Tooth decay is not something that should be taken lightly. It can be easy to put oral health on the back burner, but over time, as tooth decay progresses, the results can be irreversible. Like most things, tooth decay has stages, where it starts out small but can spread quite significantly. Continue reading to find…
Eat Normally Again With The Help Of A Full Mouth Reconstruction
The process of full a mouth reconstruction restores a person's bite and allows them to eat the things they enjoy. It also provides patients with an improved overall smile.
People with damaged or broken teeth often have problems breaking down foods when eating. It increases their risk of choking while eating since they end up swallowing larger bits of food. Long-term, it can lead to gastrointestinal issues. Thankfully, a full mouth reconstruction can help reduce and eliminate problems with eating.
Restoring the function of teeth with full mouth reconstruction
Teeth can be restored with a handful of treatments used during full mouth reconstructions. The most common procedures are outlined below.
1. Composite bonding
This full mouth reconstruction procedure is typically performed to restore minor damage to teeth. It does not require any permanent changes to be made to the tooth. The tooth is roughened with an etching solution and composite resins are applied to it, in layers. The composite is cured with ultraviolet light and it is polished to finish off the treatment.
Composite bonding can be used to fix issues like chipped teeth, broken teeth and deformed teeth, thus allowing for smoother and easier eating. Repairs made with composites can last up to five years with good oral hygiene.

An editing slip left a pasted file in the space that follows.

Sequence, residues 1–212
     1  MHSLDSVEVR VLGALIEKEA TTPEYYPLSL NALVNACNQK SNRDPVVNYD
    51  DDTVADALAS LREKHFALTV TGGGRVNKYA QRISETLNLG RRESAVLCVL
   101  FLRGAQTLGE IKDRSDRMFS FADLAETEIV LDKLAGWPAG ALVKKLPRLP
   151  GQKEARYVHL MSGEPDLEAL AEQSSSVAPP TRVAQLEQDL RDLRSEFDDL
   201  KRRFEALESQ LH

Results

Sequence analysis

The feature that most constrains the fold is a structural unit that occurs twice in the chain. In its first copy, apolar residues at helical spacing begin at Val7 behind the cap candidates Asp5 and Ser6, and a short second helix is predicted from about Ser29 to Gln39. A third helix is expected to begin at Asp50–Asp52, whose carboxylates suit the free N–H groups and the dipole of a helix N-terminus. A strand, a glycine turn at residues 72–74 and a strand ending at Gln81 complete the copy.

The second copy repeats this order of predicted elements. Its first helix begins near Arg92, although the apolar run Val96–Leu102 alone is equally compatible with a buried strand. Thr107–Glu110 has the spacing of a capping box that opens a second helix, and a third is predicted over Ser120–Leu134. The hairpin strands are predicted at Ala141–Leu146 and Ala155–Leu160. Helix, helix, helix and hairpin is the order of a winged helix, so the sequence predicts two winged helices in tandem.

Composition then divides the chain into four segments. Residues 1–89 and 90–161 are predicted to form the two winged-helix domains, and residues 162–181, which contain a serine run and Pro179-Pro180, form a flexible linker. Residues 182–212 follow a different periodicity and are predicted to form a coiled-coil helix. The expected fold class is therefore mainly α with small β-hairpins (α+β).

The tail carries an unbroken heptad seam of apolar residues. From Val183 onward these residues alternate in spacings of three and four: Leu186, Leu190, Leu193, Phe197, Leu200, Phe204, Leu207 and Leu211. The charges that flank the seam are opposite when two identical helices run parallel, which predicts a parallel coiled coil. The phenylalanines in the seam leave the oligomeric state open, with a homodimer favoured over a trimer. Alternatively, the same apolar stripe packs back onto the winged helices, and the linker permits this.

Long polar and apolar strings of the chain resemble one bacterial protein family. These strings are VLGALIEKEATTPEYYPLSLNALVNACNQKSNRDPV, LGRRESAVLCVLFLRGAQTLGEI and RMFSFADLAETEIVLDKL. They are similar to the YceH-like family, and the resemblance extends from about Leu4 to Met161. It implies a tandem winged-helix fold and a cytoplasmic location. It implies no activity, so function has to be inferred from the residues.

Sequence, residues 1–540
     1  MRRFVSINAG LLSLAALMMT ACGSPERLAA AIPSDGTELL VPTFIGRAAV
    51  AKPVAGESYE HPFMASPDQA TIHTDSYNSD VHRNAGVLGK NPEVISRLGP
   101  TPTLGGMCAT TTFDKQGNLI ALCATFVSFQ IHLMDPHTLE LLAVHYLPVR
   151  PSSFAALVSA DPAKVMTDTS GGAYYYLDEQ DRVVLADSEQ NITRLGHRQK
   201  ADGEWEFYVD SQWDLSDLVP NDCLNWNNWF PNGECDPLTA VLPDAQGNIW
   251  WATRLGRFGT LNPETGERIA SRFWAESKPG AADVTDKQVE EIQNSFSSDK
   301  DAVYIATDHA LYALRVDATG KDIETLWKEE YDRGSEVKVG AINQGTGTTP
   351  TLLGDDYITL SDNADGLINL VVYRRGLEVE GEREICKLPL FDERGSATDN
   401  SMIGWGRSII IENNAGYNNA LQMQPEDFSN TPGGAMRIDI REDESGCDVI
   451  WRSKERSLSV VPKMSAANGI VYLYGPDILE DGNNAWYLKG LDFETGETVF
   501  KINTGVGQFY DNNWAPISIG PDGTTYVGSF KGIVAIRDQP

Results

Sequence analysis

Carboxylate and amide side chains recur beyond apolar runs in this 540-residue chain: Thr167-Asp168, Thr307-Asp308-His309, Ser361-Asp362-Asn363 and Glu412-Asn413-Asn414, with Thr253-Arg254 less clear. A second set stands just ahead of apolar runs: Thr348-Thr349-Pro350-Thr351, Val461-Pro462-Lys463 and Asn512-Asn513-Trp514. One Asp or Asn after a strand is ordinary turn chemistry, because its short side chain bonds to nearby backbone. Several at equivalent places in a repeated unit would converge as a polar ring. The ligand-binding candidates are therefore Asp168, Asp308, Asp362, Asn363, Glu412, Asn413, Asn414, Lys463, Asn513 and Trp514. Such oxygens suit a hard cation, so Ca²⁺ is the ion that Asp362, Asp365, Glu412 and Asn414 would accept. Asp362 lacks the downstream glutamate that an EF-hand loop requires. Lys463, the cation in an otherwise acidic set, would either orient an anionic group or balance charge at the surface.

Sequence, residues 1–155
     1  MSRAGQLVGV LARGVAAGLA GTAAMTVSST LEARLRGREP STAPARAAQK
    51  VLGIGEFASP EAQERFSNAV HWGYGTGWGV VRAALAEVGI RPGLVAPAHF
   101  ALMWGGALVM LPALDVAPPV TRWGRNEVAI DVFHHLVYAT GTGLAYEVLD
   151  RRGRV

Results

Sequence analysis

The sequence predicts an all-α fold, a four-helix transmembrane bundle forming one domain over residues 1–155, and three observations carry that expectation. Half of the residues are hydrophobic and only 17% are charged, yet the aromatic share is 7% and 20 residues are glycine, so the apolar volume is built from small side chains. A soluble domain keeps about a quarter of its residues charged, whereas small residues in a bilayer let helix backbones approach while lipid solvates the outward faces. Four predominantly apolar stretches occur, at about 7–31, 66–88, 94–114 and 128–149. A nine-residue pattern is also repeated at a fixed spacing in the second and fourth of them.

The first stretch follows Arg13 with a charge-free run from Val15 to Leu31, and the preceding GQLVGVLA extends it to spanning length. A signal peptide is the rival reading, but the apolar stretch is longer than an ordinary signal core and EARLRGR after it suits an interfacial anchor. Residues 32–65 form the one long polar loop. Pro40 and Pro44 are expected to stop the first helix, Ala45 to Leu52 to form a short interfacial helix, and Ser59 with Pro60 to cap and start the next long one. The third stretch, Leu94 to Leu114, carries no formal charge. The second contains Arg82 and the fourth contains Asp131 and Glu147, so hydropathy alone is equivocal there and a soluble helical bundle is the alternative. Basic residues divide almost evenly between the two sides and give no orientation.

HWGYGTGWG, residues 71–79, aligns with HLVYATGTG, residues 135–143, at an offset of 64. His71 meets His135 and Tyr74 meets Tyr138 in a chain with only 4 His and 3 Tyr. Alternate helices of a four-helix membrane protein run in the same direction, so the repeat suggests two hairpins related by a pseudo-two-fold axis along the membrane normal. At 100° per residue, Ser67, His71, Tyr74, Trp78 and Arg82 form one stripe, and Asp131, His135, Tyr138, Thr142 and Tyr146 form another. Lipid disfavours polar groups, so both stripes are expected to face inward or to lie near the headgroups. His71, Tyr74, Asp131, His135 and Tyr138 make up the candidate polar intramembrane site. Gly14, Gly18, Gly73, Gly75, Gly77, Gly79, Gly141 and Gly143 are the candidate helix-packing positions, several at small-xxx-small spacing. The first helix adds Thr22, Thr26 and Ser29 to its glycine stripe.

2. Dental crowns
Another popular full mouth reconstruction procedure uses dental crowns, which can protect severely damaged teeth and restore their function. Also known as a cap, the crown covers the visible part of the tooth. It keeps saliva, acids and oral bacteria from the tooth and protects it from forces generated when chewing. The crown is tooth-shaped and it performs all the functions of a real tooth. The patient can eat normally, without worry or problems.
The installation of dental crowns during a full mouth reconstruction requires the removal of enamel from all sides of the tooth. This process cannot be reversed and the tooth will always need to be protected with a crown from that point forward. Crowns are long-lasting restorations that patients can rely on for the rest of their lives, so long as good oral hygiene is maintained.
Implants are frequently used during full mouth reconstructions and they are artificial teeth roots that a dentist places in the patient's jaw. It serves as a foundation for oral restorations like crowns, dentures or bridges, which are used to replace missing teeth. The installation of implants requires the patient to be healthy enough for oral surgery. It also requires them to have an adequate amount of jawbone tissue to hold the implant in place.
People with health conditions that slow down their ability to recover from minor oral surgery might not be eligible for implants. Those with inadequate amounts of jawbone tissue to hold implants in place can get bone grafts to hold implants in place. They will need to be fully healed from their bone graft before proceeding with implants.
Get started today
Want to learn more about full mouth reconstructions? Reach out today to get started!
Request an appointment here: https://planodentist.net or call James M. Adkins, DDS at (469) 393-0479 for an appointment in our Plano office.
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